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| Bergamot in Earl Grey Tea |
Answered by: Conrad Richter
Question from: Ann Kirkpatrick
Posted on: August 14, 1998
I would like to know if Monarda is the Bergamot that is used as the flavoring in Earl Grey Tea. Or is it the "Orange Bergamot" tree that you mention in your catalog entry on Monardas? Or something else? Whatever it is, I want to grow it and extract the flavor! I have planted Monarda "Gardenview Scarlet" this year; I would like to harvest the leaves but they are a bit mildewed. Would another species or variety of Monarda be better for getting leaves for tea?
The source of the bergamot oil used in Earl Grey tea is the Bergamot Orange tree. This is a citrus tree that is grown in southern Italy for the fragrant fruits from which is distilled the famous tea flavouring oil. It is only possible to grow this tree in southern areas where citrus is grown, or in greenhouses. The Bergamot Orange is not available from Richters, but we are hoping to offer it in the future.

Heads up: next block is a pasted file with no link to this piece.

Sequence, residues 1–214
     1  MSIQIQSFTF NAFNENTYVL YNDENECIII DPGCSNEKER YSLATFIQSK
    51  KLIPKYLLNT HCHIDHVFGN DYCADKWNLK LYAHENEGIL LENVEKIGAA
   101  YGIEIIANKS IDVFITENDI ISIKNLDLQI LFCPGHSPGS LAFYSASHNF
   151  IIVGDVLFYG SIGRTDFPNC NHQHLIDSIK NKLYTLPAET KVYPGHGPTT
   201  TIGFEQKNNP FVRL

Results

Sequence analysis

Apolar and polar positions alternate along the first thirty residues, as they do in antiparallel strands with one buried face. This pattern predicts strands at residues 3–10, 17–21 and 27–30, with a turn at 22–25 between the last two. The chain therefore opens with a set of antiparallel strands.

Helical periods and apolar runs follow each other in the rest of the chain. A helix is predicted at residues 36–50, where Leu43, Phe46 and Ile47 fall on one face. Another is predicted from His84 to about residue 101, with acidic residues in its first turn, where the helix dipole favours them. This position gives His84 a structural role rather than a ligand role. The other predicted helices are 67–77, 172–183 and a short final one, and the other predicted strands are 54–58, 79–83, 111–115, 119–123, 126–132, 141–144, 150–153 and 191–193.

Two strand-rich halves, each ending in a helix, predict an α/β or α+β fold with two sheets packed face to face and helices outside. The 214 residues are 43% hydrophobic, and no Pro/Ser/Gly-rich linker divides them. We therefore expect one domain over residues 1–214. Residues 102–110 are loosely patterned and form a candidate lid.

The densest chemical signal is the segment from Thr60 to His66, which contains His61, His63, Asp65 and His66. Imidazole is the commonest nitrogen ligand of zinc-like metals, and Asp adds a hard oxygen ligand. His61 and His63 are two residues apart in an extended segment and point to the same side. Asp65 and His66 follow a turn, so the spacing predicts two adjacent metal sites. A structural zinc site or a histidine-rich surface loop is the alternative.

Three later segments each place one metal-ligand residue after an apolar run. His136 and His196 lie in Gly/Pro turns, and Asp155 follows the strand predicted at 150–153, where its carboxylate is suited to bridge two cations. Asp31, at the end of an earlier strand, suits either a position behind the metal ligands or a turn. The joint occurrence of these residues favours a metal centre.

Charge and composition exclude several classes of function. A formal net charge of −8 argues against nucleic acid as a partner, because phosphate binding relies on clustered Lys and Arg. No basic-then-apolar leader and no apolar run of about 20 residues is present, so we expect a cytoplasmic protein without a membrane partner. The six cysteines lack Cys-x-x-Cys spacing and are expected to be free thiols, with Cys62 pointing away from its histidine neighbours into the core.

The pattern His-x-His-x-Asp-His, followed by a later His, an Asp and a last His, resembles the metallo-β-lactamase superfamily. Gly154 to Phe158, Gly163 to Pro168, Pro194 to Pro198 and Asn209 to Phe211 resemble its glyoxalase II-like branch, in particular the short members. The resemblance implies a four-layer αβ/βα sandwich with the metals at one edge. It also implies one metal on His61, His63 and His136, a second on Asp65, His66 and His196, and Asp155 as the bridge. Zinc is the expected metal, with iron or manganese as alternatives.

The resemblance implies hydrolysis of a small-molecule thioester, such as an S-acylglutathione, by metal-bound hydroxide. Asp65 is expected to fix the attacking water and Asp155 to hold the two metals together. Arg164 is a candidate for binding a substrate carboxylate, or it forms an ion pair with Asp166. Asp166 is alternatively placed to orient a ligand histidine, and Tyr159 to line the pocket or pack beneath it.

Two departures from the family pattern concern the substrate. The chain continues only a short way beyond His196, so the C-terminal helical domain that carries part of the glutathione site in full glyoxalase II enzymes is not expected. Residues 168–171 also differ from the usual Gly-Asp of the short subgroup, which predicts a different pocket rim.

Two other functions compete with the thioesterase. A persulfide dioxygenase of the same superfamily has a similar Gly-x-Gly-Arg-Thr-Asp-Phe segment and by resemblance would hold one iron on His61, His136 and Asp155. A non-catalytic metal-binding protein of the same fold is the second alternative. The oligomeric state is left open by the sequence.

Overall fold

A plant worth looking at is the bergamot mint (Mentha x piperita citrata) which is listed under the mints in Richters catalogue. This plant does not have the same oil as the bergamot orange tree, but it is to many noses a very reasonable facsimile. The best thing about it is that it grows easily, and you can get a lot of leaves quickly which you can use to flavour tea. From a practical growing and harvesting point of view, this plant is a much better way to go than trying to grow the real bergamot orange tree.
The true bergamots, the Monardas, are very susceptible to mildew. Usually in mid to late summer the leaves become covered with the grey growth of the mildew fungus. There are, however, several cultivars that are more resistant to mildew; these include Marshall’s Delight, Petite Delight and Petite Wonder. These three cultivars are not as fragrant as others but they are very acceptable.